In his letter to the workplace safety regulator, the NASUWT general secretary said, “The NASUWT is deeply concerned that the DfE guidance may give rise to unsafe working practices in schools, and could result in schools being in breach of statutory regulation.” James Bowen from the school leaders’ union NAHT said “Getting CO2 monitors into schools was an important, if overdue, first step. However, the monitors themselves will not fix the issue of poor ventilation. Where these monitors are identifying issues that cannot be solved through simple, minor changes to the environment, then the government needs to step in and provide more substantive solutions.”

A DfE spokesperson said its guidance on the use of CO2 monitors was reviewed by HSE and the UK Health Security Agency.

Ofsted’s Message to Schools: Don’t Do Your Own Curriculum Deep Dives

Ofsted, the school's watchdog has published a blog post advising schools to “keep it simple” when approaching the curriculum. Heather Fearn and Jonathan Keay, from Ofsted’s curriculum team, told schools while there will be consultants “offering their own advice” on how to prepare for an Ofsted inspection, this may not be beneficial. They said, “Unfortunately, this advice can often be overcomplicated and can divert your energy from the simple things that matter.” Ofsted simply advised that schools should keep in mind if its curriculum identifies the knowledge pupils need to achieve their education and whether or not pupils have learned that knowledge. They should not “prepare special documentation for Ofsted on ‘intent’, ‘implementation’ and ‘impact’” – the three key aspects of a deep dive.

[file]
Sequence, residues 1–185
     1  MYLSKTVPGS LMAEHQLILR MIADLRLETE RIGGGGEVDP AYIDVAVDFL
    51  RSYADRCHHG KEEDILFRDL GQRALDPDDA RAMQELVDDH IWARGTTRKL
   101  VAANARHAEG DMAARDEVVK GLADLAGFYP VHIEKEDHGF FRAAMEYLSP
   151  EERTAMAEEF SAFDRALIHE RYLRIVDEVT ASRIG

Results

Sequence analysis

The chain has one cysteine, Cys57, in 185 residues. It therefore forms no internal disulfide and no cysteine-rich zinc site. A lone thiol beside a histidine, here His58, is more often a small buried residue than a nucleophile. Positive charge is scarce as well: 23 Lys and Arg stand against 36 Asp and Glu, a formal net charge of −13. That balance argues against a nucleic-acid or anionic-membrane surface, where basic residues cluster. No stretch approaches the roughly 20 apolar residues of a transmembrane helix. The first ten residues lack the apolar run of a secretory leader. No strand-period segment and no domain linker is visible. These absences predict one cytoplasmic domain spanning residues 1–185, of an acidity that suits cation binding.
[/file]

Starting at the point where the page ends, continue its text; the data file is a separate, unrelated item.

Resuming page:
Ofsted has recently been criticised by schools claiming it has not taken the impact of Covid into account during routine inspections.

“Deep dives” are a key part of an inspection and indicate if pupils have been taught the knowledge required. The blog post states: “Deep dives help us consider the effectiveness of the quality of education in a specific time frame when we inspect. They aren’t really designed for anything else. If schools want to drill down to the quality of curriculum themselves, there are probably better ways of doing this than undertaking internal deep dives.” They suggest that schools “consider curriculum effectiveness” as an “ongoing conversation.”

Parents Outraged by School Drop-Off Zone Closure

Pupils of Brynmenyn Primary School in Bridgend are no longer allowed to be dropped outside their school and instead are left to try and find a space in a busy estate. The council made the controversial decision for "health and safety" reasons, leaving the car park now only open to staff members, school buses, those dropping off children with additional learning needs, and blue-badge holders. Initially, an adjacent car park was being used, however, this has now also been withdrawn as an option. In a letter issued to the parents with children at the school, the council said: "Following an on-site assessment over the last few weeks, issues surrounding the way the Brynmenyn Primary School drop-off on the CCYD site has been used by parents/carers have persisted, leading to significant health and safety concerns by the local authority."